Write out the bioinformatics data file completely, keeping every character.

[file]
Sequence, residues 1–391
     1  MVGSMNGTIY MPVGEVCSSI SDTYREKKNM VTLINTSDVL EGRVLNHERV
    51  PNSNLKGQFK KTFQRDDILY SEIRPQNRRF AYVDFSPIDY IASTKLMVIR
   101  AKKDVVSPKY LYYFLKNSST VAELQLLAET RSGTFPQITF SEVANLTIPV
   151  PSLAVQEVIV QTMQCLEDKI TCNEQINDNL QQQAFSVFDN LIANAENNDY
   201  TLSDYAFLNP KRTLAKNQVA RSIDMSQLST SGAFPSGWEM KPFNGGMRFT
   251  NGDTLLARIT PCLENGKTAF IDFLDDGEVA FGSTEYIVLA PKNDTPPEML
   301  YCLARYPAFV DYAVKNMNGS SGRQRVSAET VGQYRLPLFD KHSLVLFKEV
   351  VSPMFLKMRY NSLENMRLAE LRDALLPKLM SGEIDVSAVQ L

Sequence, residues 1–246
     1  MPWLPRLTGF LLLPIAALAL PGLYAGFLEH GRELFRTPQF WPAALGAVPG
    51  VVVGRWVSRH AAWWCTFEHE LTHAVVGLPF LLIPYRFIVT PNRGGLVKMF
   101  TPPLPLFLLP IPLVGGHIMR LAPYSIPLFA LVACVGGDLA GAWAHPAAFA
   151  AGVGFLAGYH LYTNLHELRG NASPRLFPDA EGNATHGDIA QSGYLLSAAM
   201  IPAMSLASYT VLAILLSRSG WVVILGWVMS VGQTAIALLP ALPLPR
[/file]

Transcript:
Sequence, residues 1–391
     1  MVGSMNGTIY MPVGEVCSSI SDTYREKKNM VTLINTSDVL EGRVLNHERV
    51  PNSNLKGQFK KTFQRDDILY SEIRPQNRRF AYVDFSPIDY IASTKLMVIR
   101  AKKDVVSPKY LYYFLKNSST VAELQLLAET RSGTFPQITF SEVANLTIPV
   151  PSLAVQEVIV QTMQCLEDKI TCNEQINDNL QQQAFSVFDN LIANAENNDY
   201  TLSDYAFLNP KRTLAKNQVA RSIDMSQLST SGAFPSGWEM KPFNGGMRFT
   251  NGDTLLARIT PCLENGKTAF IDFLDDGEVA FGSTEYIVLA PKNDTPPEML
   301  YCLARYPAFV DYAVKNMNGS SGRQRVSAET VGQYRLPLFD KHSLVLFKEV
   351  VSPMFLKMRY NSLENMRLAE LRDALLPKLM SGEIDVSAVQ L

Sequence, residues 1–246
     1  MPWLPRLTGF LLLPIAALAL PGLYAGFLEH GRELFRTPQF WPAALGAVPG
    51  VVVGRWVSRH AAWWCTFEHE LTHAVVGLPF LLIPYRFIVT PNRGGLVKMF
   101  TPPLPLFLLP IPLVGGHIMR LAPYSIPLFA LVACVGGDLA GAWAHPAAFA
   151  AGVGFLAGYH LYTNLHELRG NASPRLFPDA EGNATHGDIA QSGYLLSAAM
   201  IPAMSLASYT VLAILLSRSG WVVILGWVMS VGQTAIALLP ALPLPR